One of my favorite Christmas traditions growing up was our family's practice of evening prayer as we gathered around the Advent wreath. I have vivid memories of my brother and I arguing over who got to hold the smoke tarnished silver angel-shaped candle snuffer at the end of our prayer time and snuff out those four cascading candles. And singing "O Come, O Come Emmanuel" was always a happy time for me as mom and dad belted it out in harmony. I thought we were so cool and liturgical and stuff (whatever that meant!). We were the cool protestant family incorporating old world Catholic traditions into our family prayer life. I loved it! I think I loved it most because every time we lit a new candle I knew Christmas was drawing nearer and nearer. 

I loved Christmas! I was the girl who had the lights up in her bedroom in October and Christmas music blaring as I hung them. I decorated my locker at school. I started Nutcracker rehearsals in September. I wore the red and green toe socks and reindeer antlers to school. I relished in the fact that Hobby Lobby always had Christmas decorations and craft supplies on shelves in July. I was the first person out of bed Christmas morning, and my family celebrated like no other. 

It was a morning long affair of morning prayer, stockings, breakfast of homemade sticky buns, and hours sitting around the tree enjoying watching each other open the beautifully wrapped gifts and getting that burst of delight when someone found another one with my name on it. And there was that time right after all the gifts were open when I felt a little disappointed it was all over, but still bursted with the remembrance of all there was still to discover in the packages that lay open at my feet. 

I'd think back in that moment to the same people, in the same room one, two, three, four weeks before and how I didn't know back then what I knew in that moment of what had been secretly waiting tied up under fancy wrapping paper or stashed in some still unknown hiding spot around the house. Or of how every year I had the same joy, the same feeling, the same sense of how everything was wonderful just the way it was in that room at that moment. That was the feeling of Christmas for me. And every Advent I waited  with much anticipation to light that next candle, knowing that the feeling would be there soon.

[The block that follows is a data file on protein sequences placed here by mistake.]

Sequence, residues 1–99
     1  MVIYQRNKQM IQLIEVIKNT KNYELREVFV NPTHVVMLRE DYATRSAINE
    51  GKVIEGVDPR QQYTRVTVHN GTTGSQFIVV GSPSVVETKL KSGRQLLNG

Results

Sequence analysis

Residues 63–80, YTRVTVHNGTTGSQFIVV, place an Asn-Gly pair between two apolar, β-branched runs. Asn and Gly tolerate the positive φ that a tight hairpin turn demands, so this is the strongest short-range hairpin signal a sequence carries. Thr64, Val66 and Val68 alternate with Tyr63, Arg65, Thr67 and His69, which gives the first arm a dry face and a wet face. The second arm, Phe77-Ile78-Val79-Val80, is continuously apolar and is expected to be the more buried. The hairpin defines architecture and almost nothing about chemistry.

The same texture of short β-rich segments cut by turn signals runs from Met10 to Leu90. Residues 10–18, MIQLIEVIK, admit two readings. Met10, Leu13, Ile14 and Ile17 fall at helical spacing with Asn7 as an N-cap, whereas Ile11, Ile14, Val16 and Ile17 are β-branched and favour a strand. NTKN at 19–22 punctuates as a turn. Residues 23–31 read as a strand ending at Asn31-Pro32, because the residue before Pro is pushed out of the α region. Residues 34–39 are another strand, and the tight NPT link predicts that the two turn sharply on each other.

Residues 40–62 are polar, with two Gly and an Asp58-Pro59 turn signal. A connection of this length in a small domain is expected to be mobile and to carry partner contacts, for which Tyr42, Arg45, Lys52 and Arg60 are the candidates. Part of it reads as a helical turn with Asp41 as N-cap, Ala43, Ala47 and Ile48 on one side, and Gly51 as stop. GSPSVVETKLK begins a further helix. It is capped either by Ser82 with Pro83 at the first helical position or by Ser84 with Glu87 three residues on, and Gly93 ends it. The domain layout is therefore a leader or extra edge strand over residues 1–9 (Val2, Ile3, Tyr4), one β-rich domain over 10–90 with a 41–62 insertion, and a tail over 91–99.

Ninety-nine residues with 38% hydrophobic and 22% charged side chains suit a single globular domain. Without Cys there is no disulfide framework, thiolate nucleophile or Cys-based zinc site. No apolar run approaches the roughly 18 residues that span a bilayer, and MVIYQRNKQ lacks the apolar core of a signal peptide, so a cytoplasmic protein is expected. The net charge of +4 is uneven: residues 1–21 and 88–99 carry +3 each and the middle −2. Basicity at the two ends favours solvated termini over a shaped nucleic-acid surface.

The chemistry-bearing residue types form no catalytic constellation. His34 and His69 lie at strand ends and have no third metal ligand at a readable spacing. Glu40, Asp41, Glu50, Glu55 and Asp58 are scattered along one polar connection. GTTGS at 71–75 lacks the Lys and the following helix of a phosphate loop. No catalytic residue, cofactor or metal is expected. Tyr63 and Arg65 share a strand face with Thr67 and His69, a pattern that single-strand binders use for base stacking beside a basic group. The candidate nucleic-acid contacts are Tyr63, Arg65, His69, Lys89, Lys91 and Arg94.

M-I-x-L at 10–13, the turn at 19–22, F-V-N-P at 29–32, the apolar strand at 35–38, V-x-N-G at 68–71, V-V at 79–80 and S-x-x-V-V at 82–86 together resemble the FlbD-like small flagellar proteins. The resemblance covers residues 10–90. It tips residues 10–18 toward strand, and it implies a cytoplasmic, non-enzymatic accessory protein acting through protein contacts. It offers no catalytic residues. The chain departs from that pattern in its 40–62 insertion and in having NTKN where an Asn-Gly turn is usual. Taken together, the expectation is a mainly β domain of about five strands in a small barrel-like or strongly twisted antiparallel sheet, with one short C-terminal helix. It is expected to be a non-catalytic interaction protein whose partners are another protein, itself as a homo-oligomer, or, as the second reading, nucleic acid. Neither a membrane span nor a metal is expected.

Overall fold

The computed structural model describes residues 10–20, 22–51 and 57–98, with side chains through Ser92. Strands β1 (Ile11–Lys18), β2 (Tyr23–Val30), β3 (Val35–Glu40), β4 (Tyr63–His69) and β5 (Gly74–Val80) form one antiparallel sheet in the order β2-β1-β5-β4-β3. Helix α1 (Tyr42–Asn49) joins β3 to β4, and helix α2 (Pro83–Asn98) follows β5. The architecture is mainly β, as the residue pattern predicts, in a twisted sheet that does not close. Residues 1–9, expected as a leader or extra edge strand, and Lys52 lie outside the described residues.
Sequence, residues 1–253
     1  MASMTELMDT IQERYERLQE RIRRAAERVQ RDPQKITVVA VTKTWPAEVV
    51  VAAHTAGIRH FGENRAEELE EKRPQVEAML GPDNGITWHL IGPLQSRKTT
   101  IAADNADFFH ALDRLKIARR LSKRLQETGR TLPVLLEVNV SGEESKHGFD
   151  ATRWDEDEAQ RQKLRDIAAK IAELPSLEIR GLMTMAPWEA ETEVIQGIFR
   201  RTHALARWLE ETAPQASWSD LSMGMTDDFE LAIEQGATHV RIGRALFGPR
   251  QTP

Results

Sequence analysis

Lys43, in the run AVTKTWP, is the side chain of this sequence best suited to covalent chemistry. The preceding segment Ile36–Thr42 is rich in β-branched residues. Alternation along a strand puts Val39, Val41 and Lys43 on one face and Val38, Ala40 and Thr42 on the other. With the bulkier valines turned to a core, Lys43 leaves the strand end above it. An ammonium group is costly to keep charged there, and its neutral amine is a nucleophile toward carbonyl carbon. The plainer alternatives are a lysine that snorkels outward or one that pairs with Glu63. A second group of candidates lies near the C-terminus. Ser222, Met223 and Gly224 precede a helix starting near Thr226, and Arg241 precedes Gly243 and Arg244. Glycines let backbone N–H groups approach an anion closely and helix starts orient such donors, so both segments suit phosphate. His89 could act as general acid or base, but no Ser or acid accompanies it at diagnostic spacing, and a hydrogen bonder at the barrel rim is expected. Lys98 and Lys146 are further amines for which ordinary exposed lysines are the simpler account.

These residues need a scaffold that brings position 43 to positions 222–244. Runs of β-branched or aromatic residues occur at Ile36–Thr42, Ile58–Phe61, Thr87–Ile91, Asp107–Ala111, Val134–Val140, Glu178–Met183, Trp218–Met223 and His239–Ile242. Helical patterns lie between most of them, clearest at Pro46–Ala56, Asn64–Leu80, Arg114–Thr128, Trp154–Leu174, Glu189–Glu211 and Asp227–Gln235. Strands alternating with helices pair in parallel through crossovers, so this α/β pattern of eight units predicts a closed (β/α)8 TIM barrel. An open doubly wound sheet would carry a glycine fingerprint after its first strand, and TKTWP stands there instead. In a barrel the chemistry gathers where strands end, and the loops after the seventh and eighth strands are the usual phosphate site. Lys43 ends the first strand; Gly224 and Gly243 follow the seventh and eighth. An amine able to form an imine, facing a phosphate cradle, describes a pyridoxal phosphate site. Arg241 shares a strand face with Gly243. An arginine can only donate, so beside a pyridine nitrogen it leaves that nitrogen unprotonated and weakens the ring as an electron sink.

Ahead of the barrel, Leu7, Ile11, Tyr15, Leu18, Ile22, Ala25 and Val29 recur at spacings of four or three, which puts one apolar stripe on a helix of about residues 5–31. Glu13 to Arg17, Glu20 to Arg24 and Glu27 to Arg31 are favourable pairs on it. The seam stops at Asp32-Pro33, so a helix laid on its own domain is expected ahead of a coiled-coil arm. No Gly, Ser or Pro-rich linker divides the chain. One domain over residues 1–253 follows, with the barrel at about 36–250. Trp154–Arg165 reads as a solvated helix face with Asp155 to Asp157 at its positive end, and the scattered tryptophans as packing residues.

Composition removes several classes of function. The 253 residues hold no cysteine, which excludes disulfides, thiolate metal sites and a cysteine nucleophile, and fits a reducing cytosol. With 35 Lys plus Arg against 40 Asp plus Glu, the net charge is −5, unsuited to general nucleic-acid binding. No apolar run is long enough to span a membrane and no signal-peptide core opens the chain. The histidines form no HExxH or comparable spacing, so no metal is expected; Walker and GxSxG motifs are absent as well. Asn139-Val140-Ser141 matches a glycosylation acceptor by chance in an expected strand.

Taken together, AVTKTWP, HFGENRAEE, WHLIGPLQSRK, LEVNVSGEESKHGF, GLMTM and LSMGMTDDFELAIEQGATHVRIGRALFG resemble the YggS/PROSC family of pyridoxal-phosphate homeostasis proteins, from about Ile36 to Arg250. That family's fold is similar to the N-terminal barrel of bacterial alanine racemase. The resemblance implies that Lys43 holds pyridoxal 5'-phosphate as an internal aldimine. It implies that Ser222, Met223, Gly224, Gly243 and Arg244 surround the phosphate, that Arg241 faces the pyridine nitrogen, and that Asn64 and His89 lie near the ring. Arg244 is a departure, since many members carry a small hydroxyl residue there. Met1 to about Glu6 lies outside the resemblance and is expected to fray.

Now I'm not as eager to celebrate Christmas in the ways I did as a school kid. As John and I blended our family traditions and created our own, we chose to do Advent more simply and to wait to throw up those decorations until Christmas was here, or at least closer. And believe me it was hard. I love having a Christmas tree in the house early, with the lights telling me that these weeks were special and the stress of the ordinary days of school and activity weren't so bad. I longed for that distinction between the joyous and sacred times and the mundane time. And this for me was marked by the twinkling lights inside and outside in the dark, the garland on stair rail, and the train with its smoky plastic smell buzzing around the floor. I would sit and look at the tree and get lost in the Christmas wonder. 

I still do, just...later. And I still want the distinction of these four weeks before Christmas to be present and joyful in our home. I want the kids to have that same feeling that something is different, something exciting is happening, something wonderful is here in our home and family, but also that something even better is coming. So this is what we came up with, John and me, to help our family prepare for the coming of the Christ child, and to make our domestic church travel along in the season and song of the Church season:

I enjoy taking the kids to a local farm store to pick out our Advent wreath. As soon as you get out of the car you can smell the Christmas trees on the other side of the lot. Happiness. I loved the look of this wreath, and so did my daughter, but I do miss that evergreen smell...I guess I'll have to get a scented candle!